Steve Peacher: I want to ask about the renewables in the current market environment, so obviously we've seen a lot of volatility, we've seen rates move up, we've seen equities moved down and have increased, cost of capital is going up for projects. So how is all of that hitting impacting the renewable energy space?

Jack Paris: I think the opportunity set, notwithstanding some of those challenges, is still very, very attractive. For one, the demand for electricity is fairly inelastic you know, we obviously use it to heat and cool our homes, we use it to power our electronics and this provides a baseline of consumption that's fairly stable. However the new sources of demand, such as the transportation sector where increasingly we're looking to power our vehicles from electricity. So these movements to electrify our economy are actually growth catalysts for the renewal sector. Secondly, as I mentioned previously, the you know, the fact that we're seeing a real, pretty meaningful rise in underlying commodity prices. That, I think again bodes well for the future of renewables. From an investor, you know standpoint, or from a capital allocation of capital deployment perspective, renewables you know tend to produce because they're long life and their revenue streams are fairly well known. They produce stable and recurring cash flows, which I think in volatile environments tend to become more valuable. So look to be clear, there are clearly some challenges, you know, there might be some headwinds on the economic growth front with a potential recession, as you mentioned, higher financing costs and supply chain constraints, but, but this was a long-term strategy, and I think the ability to manage through this over the long term will be manageable for us.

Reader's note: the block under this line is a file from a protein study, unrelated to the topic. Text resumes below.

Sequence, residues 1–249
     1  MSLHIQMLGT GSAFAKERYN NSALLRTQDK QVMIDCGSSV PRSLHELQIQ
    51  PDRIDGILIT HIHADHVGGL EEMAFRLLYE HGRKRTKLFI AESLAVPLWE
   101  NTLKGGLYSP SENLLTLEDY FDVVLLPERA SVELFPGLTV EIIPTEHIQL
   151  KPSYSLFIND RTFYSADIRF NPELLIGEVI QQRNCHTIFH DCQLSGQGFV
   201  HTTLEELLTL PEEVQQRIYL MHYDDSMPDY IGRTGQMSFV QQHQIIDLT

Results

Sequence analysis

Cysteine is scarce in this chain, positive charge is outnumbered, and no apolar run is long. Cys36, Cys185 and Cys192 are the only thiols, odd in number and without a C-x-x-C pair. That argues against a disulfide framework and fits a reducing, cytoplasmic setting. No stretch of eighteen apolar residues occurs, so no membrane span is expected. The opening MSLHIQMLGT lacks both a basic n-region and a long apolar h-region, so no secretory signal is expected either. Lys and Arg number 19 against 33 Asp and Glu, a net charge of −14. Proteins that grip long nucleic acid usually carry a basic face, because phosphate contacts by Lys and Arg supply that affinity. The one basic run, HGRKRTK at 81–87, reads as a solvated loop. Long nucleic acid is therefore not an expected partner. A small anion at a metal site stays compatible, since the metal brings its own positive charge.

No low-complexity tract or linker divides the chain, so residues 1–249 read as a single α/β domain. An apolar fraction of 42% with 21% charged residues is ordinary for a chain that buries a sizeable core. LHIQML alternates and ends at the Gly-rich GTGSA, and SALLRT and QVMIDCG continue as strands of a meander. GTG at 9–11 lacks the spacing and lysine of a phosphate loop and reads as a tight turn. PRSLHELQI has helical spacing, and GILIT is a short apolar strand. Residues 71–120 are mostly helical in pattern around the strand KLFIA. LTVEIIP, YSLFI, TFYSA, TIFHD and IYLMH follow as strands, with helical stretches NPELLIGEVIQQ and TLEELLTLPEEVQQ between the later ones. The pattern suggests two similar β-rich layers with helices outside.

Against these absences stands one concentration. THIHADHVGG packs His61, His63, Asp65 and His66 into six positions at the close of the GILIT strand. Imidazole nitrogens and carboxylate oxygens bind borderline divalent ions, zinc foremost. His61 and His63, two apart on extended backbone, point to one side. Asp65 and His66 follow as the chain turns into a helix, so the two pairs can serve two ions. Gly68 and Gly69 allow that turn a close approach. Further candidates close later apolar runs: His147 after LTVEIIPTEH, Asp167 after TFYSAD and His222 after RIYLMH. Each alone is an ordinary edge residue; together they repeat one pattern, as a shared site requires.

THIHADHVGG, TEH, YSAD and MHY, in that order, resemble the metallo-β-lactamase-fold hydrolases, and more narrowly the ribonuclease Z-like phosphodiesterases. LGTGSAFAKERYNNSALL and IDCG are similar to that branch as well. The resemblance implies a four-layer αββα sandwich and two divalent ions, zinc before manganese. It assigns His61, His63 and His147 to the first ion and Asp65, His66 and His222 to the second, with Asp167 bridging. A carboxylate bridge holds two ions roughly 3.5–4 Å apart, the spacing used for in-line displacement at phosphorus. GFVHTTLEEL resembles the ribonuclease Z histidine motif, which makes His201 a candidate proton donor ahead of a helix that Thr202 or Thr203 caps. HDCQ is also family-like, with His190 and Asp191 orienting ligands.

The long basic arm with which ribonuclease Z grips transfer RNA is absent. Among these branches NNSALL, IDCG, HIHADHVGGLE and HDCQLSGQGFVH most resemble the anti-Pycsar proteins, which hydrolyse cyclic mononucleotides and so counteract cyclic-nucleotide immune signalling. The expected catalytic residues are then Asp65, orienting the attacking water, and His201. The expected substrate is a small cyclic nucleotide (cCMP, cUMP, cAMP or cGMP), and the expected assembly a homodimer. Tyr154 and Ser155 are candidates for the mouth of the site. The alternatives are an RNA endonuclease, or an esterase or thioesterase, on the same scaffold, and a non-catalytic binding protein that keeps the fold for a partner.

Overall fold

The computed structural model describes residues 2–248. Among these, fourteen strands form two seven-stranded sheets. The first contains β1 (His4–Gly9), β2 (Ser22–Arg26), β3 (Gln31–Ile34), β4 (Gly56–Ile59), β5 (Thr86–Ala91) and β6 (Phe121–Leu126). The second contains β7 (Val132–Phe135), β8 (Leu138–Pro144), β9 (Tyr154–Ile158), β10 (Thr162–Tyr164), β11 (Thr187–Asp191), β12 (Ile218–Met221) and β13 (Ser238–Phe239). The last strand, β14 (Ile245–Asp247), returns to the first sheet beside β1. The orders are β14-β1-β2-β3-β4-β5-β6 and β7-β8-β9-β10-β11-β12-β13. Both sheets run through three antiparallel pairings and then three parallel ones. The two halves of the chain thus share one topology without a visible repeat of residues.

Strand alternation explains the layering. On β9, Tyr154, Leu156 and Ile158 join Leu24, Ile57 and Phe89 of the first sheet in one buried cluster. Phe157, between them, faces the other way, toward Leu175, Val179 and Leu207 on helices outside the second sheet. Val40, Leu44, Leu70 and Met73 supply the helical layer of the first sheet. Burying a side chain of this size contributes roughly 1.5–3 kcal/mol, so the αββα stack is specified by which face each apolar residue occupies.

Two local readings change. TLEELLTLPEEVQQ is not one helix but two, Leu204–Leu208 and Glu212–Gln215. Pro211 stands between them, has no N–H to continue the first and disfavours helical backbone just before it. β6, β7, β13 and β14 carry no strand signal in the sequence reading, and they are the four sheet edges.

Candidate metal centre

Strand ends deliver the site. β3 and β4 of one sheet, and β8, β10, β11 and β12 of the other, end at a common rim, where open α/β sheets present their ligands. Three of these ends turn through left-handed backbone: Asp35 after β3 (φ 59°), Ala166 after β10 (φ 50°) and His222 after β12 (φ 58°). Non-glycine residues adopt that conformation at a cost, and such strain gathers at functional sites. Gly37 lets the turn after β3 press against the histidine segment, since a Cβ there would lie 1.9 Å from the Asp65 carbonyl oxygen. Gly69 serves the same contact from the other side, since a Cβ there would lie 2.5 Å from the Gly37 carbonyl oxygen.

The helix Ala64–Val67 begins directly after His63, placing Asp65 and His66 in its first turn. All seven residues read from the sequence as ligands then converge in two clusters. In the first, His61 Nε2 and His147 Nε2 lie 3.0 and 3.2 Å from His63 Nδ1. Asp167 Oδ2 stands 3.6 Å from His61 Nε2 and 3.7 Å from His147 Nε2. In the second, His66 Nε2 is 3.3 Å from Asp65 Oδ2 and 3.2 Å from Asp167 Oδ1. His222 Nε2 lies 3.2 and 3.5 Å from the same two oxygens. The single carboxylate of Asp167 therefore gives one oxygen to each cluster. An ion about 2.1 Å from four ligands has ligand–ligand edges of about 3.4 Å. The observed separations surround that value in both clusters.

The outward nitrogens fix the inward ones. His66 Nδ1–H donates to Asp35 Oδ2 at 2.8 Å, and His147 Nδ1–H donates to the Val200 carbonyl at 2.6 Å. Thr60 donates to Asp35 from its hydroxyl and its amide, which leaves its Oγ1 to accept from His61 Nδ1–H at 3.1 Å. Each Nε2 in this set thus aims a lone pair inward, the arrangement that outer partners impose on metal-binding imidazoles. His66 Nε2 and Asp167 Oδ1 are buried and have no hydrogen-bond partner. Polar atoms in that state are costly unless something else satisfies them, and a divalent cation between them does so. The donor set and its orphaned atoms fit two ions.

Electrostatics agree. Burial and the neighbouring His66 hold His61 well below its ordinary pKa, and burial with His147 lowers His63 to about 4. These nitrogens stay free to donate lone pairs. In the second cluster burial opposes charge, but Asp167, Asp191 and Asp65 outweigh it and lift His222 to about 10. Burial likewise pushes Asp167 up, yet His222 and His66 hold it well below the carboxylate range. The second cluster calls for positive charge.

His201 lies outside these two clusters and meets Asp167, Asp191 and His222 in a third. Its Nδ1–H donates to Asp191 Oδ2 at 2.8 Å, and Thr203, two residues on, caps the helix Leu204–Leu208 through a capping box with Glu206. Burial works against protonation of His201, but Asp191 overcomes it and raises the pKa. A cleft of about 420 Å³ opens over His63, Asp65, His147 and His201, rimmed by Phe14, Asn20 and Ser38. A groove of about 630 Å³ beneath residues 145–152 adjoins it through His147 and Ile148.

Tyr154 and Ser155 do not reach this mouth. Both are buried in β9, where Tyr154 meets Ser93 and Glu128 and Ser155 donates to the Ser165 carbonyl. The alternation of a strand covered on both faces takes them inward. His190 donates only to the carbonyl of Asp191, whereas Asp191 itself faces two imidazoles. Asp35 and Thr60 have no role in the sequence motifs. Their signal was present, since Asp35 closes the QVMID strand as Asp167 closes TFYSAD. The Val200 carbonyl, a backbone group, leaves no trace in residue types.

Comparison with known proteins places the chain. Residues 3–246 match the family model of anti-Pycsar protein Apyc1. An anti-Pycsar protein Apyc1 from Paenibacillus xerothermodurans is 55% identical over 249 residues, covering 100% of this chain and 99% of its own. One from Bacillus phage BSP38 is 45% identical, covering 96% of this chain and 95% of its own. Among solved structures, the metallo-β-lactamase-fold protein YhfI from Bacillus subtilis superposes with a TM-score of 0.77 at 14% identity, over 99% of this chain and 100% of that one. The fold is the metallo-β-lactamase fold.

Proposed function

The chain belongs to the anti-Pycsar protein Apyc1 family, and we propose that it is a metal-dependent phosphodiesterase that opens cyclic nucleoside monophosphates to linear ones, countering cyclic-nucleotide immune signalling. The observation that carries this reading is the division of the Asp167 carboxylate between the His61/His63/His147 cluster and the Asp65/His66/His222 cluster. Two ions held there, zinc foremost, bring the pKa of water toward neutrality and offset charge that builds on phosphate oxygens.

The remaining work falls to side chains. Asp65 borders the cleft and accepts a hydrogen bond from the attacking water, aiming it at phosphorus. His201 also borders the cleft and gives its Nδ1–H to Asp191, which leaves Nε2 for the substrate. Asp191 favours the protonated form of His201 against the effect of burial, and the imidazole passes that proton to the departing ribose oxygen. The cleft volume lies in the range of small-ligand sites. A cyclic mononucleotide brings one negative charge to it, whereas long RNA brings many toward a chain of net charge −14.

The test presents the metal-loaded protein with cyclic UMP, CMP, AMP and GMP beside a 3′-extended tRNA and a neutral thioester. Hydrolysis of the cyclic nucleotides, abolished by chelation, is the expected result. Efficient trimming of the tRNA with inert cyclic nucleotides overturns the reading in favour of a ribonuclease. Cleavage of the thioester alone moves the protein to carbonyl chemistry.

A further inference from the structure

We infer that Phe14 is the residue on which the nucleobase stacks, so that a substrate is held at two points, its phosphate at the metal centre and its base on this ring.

Steve Peacher: Well, it certainly seems like this is a megatrend and that it will be impacted by, in the short term, but this is this is here to stay. There's just too many imperatives to get, to increase the infrastructure of renewable energies in the in North America and around the world. So, thank you for all those comments, let me end as we always do with a question on the personal front, I know from your often on the road either looking for new investments, talking to investors, etc., so outside of work how does, how does Jack Paris unwind?

Jack Paris: Well I’m a big hockey guy, I grew up in Toronto and I, you know, played competitive hockey most of my youth. I try to relive my youth every Saturday morning, I do a 6:45am skate with a bunch of guys in New Jersey and occasionally I jump on the bench and coach the girls, too so it's what I do to get my mind off the things.

Steve Peacher: Yea, well be careful out there, you know you're not a spring chicken, so you know we got to make sure you're healthy so. Well listen, thank you Jack for taking the time to talk about this, and thanks to everybody for dialing into this episode of “Three in Five.”